For 18 years the church I now serve in Seward, Alaska has had a preschool. It started long before I came to the area. When it began, there was a great need for early childhood education in the town and the congregation saw their preschool as a way to meet that need and extend their Christian Education programing outside of the usual Sunday morning.
There were some decisions made at that time that shaped how the school ran. The preschool would be unashamedly Christian in focus. The preschool would make holistic education a priority, not only teaching Jesus-stuff by trying to address social skills and get kids prepared to enter the school system. Moreover, the preschool would be seen as a ministry of the church whether or not the kids who were enrolled ever came to church on Sundays. It was a way to bless the community. Even the name of the preschool was a description of how they envisioned the program: SEEDS OF FAITH.
And, for 18 years the kids came. A lot changed in the community over that time. Other preschools opened and closed. The town had growth spurts of young parents and times when there were fewer kids and helpers available. And the church adapted to having a preschool operating in its building, whether it was there for three days a week or four depending on the year. Lots of “seeds of faith” were planted during this time.
When I came on the scene a little over two years ago it was a joy to work out a routine of coming and singing with the kids most days. I’d show up after they’d had a snack, around 11:15 each morning and I’d look to see what letter they were learning about or what the theme for the day was and try to come up with a song that, in some way, connected with the activities they were already doing.
At an early stage it became clear that it was a distraction whenever “Pastor Jim” showed up. The kids, in all their joy, wanted to play with me and joke around with me. Somewhere along the way they started calling me “silly” and I’m now greeted with shouts of “Silly’s here!” when I come to church. They make it fun to show up.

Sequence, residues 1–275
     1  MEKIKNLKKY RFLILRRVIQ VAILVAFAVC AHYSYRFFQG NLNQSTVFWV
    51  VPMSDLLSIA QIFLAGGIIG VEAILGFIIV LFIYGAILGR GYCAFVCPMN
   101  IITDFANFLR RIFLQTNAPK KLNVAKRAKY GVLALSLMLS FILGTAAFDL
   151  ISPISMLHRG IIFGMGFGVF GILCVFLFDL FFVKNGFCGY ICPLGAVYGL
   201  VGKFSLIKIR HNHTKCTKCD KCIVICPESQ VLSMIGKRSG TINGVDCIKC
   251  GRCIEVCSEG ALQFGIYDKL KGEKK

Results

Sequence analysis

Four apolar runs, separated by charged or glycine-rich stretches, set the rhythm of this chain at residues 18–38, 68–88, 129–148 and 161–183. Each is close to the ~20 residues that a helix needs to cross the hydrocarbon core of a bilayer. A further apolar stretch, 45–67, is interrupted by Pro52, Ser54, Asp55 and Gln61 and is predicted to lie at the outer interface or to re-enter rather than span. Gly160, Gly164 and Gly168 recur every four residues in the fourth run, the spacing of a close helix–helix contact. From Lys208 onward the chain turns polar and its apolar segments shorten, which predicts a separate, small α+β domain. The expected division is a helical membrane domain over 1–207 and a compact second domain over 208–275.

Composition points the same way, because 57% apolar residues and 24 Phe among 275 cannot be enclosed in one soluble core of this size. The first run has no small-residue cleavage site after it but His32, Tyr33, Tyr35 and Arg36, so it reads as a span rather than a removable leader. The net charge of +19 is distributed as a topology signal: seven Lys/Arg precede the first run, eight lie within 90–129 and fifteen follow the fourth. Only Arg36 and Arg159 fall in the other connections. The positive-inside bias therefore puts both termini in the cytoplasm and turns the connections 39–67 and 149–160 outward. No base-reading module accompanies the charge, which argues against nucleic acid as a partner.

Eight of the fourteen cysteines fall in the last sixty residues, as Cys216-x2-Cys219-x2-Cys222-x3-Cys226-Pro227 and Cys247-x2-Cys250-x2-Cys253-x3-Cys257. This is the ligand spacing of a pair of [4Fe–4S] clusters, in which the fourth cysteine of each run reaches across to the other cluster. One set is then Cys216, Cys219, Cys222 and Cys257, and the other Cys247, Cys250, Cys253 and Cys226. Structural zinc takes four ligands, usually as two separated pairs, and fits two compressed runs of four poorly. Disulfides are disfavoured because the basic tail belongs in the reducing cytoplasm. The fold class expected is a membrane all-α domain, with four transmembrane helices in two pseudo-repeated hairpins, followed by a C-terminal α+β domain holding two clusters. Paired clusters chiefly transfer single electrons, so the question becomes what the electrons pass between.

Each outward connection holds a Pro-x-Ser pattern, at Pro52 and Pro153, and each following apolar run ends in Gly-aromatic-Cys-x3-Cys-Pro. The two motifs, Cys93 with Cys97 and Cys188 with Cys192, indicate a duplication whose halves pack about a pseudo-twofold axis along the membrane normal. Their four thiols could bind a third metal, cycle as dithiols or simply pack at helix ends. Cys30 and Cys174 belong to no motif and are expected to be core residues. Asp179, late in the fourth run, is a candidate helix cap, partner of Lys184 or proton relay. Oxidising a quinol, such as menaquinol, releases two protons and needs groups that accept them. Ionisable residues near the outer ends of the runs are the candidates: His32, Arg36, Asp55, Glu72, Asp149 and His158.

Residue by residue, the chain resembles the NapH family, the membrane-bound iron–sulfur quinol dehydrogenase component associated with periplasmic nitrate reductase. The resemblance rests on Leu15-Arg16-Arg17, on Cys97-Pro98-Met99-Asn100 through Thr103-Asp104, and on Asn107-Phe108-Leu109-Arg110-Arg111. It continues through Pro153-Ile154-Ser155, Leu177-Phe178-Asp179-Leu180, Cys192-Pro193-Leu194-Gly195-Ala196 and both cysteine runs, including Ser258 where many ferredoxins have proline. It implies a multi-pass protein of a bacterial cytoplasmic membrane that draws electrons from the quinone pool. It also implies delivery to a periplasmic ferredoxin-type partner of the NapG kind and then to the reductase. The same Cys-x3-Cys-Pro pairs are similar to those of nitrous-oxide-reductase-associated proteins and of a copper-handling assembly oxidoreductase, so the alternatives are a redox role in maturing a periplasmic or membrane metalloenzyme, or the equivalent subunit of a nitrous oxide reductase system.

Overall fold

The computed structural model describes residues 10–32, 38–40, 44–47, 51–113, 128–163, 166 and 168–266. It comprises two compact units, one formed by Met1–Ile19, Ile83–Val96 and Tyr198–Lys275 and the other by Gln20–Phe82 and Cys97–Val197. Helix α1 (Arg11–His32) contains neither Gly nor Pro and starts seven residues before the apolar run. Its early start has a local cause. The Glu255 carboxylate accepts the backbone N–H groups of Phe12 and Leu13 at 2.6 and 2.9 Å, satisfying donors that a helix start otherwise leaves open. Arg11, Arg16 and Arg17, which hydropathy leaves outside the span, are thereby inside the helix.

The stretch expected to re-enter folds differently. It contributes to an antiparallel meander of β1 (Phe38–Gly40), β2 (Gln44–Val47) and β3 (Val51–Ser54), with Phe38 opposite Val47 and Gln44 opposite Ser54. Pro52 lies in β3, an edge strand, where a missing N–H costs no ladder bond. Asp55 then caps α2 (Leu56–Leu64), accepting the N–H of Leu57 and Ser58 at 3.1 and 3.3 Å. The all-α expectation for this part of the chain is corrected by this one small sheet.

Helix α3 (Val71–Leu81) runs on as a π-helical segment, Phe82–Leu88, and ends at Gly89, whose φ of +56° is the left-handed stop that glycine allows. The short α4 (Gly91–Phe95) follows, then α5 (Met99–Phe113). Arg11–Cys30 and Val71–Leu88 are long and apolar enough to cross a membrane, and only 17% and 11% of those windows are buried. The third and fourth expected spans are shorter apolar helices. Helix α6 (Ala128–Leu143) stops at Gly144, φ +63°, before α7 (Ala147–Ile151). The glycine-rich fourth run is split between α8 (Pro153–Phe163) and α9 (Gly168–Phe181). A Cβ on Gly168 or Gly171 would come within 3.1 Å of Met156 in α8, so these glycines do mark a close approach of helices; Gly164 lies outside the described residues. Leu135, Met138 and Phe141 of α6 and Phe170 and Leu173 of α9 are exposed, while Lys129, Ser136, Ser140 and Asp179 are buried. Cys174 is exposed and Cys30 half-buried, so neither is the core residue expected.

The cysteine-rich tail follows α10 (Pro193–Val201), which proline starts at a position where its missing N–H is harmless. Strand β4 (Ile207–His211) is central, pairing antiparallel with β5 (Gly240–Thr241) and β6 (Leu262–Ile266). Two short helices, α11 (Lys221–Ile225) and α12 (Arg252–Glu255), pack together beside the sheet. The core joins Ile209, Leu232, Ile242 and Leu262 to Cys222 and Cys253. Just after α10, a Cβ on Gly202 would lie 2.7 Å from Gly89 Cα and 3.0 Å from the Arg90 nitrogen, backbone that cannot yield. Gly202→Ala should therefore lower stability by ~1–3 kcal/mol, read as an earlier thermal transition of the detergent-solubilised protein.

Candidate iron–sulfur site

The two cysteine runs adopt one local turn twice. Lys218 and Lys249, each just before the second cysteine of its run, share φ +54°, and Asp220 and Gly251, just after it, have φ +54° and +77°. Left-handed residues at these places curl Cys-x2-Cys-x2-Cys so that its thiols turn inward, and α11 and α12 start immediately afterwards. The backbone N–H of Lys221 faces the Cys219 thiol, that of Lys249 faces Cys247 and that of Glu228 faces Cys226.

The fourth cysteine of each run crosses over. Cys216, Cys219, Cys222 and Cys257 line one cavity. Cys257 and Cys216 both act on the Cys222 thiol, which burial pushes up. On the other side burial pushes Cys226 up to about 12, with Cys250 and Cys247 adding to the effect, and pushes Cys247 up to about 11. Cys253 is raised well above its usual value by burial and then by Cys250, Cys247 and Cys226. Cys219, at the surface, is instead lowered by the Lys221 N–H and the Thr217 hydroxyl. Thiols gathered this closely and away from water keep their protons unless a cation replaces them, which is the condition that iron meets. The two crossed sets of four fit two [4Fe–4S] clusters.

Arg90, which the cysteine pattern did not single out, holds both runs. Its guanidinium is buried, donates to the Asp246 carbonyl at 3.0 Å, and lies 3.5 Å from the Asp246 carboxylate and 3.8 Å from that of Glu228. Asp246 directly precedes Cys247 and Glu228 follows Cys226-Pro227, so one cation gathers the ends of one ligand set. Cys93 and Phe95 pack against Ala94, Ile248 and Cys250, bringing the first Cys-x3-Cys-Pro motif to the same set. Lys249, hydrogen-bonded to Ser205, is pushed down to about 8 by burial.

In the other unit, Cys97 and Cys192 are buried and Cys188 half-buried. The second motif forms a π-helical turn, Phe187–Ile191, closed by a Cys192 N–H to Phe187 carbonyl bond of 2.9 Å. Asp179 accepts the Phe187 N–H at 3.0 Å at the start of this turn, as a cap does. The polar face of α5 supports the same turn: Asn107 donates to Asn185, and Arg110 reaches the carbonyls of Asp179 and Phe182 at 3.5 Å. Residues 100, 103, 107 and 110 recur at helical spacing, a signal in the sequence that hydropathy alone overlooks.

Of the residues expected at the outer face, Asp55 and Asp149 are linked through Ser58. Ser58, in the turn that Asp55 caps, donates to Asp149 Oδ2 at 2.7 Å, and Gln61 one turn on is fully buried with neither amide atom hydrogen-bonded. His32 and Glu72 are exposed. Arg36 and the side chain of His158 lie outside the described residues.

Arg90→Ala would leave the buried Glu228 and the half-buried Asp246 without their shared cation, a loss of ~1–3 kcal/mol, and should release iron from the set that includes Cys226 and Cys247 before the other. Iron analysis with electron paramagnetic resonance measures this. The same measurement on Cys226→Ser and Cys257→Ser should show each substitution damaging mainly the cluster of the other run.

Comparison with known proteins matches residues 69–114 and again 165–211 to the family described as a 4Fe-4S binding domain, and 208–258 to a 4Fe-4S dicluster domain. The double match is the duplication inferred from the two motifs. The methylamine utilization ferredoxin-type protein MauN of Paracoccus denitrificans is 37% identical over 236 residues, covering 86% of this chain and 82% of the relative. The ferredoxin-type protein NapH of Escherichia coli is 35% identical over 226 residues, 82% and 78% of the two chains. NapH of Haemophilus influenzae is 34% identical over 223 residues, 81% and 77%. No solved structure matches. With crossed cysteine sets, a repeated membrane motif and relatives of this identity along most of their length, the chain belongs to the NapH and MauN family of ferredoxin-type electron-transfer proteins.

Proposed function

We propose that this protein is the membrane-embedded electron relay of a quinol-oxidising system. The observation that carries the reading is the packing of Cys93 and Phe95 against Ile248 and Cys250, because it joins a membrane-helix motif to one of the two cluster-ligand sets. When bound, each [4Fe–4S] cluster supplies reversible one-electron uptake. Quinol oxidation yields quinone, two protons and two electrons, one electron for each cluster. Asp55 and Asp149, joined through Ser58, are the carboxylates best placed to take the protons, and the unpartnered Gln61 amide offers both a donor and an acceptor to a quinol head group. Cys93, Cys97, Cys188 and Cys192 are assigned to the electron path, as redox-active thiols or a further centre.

It’s pretty wonderful.
But times have changed since the preschool first opened. We now have a government-subsidized preschool that provides free early childhood education. (That’s a good thing.) And there is another preschool/daycare opening up this year run by the local Alaska Native tribe. (That’s a good thing, too.) This has meant some challenges for our enrollment.
But this spring, as our two long-time teachers move towards retirement, we just couldn’t find anyone who was able to take over the program. It wasn’t for lack of trying. All the local churches and many local parents think it’s a great idea and they love the fact that there is faith-based early childhood education in the town. But we couldn’t find a teacher; at least anyone with the qualifications to continue the preschool in its present form. If we were going to have a preschool, we wanted one with the quality and standards we’ve been used to.
So, Seeds of Faith is closing.
And this is big deal for me. It’s a big deal because I’ve already overseen the closure of another preschool some sixteen years ago and I know how challenging it can be. It’s a big deal because the preschool was part of my usual routine for the last 2 1/2 years and I’m going to miss seeing all the kids several times a week. And it’s a big deal because I know how hard it can be for a church to say goodbye to a ministry that has, in many ways, defined how it understood itself for so long. We’ll need to be asking the question: If we’re not the church with the preschool, who are we?
Now, in all honesty, we may very well have another children’s ministry spring up from the ground. We’ve talked of a Mothers of Preschoolers group, or a play group, or a co-op. And I know parents are engaged in the discussion as well. But we need to wait for the right leadership to come along and meet the right need.
But in the meantime we’re left praying that, over 18 years of planting “Seeds of Faith,” some of that seed fell on good soil and will continue to bear fruit in the world…in the lives of children and parents and our community.
And, as a church, we’re left asking what we need to do with the seeds the preschool planted in us over the past 18 years.